For some time he kept it up, but as his mind reverted to the object of his race his patience began to ooze out.
And now, for fear my courage will ooze out, I must tell you quickly.
If the drainage tube be in its proper position, pus should be seen to ooze out of it.
The girl began to melt, and all power to ooze out of her, mind and body.
And she went home with eager haste lest her good resolution should ooze out ere she got there.
Devoutly praying that this inspiration may not ooze out at her fingers' ends, she goes into the director's sanctum to be examined.
In proof of the character he gave himself, Mr Pecksniff suffered tears of honesty to ooze out of his eyes.
Depend on it, the story will ooze out, you are so well known, and so much visited now.
There was no sap in them of any kind; at least, not enough to ooze out.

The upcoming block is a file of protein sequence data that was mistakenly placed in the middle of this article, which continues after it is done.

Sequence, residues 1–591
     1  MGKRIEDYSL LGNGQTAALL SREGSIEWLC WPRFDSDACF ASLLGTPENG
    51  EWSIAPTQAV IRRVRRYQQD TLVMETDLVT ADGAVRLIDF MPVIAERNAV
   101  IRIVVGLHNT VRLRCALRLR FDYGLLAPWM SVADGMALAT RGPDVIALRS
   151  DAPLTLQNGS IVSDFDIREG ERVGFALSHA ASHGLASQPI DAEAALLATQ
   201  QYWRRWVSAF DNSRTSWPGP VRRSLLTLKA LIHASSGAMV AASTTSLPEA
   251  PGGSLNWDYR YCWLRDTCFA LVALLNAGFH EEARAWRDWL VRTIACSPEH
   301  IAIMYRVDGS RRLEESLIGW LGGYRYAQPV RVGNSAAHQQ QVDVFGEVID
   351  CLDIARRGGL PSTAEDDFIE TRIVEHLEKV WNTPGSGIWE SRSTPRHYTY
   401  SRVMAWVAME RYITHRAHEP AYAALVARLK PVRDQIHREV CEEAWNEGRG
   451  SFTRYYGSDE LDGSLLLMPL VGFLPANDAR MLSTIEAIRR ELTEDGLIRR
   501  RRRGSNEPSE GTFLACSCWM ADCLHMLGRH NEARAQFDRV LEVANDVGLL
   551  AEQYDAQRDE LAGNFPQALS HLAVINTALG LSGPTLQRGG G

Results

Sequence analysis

Let us lose no time; there's no knowing how soon so much good valor may ooze out.
late 14c., wosen, verbal derivative of Old English noun wos "juice, sap," from Proto-Germanic *wosan (cf. Middle Low German wose "scum"), from same source as ooze (n.). Modern spelling from late 1500s. The Old English verb was wesan. Related: Oozed; oozing.
"soft mud," Old English wase "soft mud, mire," from Proto-Germanic *waison (cf. Old Saxon waso "wet ground, mire," Old Norse veisa "pond of stagnant water"), from PIE *weis- "to flow" (see virus). Modern spelling is mid-1500s.
To move or walk slowly; glide or slide; saunter: I'd ooze across the street and into the bar (1940s+ Black)